Posted in Book Reviews on Oct 21, 2013
Disowned by his family at 16 for a small indiscretion with his boyhood friend, Tristan Sadler spends a year and a half on his own before lying about his age and enlisting in the army to defend England in World War I. At training camp, he quickly becomes friends with Will Bancroft. Tristan is attracted to Will, but he has learned his lesson and keeps his emotions in check. It isn't until the night before they are shipping out to France that they find comfort in each other's arms. However, once they arrive in France, Will avoids Tristan, for the most part.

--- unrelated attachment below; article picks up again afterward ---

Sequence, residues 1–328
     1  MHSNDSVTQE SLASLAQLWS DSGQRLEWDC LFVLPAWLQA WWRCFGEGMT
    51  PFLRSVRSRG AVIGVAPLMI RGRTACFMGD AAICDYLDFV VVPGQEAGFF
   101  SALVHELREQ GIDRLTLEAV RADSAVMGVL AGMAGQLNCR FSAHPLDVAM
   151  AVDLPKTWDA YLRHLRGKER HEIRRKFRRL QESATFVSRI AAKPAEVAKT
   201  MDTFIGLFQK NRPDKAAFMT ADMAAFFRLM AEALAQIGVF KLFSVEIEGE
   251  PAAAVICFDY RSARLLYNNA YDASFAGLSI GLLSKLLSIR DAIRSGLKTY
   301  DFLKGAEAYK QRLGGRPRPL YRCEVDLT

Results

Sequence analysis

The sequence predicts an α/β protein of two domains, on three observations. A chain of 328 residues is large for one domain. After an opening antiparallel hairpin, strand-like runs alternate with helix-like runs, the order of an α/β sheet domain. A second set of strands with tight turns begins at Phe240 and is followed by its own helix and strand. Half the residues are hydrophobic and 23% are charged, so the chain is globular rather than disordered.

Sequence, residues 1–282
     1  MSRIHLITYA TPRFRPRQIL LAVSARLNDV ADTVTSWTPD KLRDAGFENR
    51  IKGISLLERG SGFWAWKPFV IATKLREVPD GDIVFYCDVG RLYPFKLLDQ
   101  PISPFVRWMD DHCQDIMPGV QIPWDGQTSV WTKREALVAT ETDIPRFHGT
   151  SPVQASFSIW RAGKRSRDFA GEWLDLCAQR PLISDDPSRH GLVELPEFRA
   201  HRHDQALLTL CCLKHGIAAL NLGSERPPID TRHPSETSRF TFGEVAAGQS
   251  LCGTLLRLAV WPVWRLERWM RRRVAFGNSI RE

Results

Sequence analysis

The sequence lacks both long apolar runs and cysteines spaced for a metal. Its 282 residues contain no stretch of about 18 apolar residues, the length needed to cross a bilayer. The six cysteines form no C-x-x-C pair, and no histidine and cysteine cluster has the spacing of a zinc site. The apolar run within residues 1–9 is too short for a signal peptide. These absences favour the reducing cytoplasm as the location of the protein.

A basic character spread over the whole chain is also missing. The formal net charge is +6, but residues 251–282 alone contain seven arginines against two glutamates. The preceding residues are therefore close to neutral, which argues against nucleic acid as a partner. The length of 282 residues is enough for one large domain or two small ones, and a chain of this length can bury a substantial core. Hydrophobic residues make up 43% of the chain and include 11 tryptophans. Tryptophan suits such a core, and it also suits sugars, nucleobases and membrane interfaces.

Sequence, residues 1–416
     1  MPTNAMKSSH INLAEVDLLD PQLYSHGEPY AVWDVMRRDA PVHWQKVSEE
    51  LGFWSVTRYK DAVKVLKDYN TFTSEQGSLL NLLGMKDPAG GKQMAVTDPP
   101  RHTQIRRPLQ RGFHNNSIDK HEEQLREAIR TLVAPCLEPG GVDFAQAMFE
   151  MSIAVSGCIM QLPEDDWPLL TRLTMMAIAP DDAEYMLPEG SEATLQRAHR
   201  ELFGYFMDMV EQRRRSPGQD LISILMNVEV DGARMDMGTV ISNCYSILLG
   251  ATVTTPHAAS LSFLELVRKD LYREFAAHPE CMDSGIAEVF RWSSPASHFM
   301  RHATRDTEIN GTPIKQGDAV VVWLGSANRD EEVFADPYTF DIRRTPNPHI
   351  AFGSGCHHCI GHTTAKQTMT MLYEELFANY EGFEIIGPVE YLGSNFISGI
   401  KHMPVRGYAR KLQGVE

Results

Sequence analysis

Yet, as brothers in arms in the same regiment, there is no avoiding each other, or the horrific scenes they both come to witness. Such scenes, as well as events in training camp, cause Will to question his part in the war, and ultimately make a decision that changes everything. Tristan miraculously survives the war, at least in body. His spirit is broken by what he has seen, and especially by his part in Will's fate. As “The Absolutist” opens, it's two years after the war, and Tristan is on his way to Norwich to meet with Will's sister, in the hope that he might be able to unburden himself of some of the pain he feels over Will's death. More...
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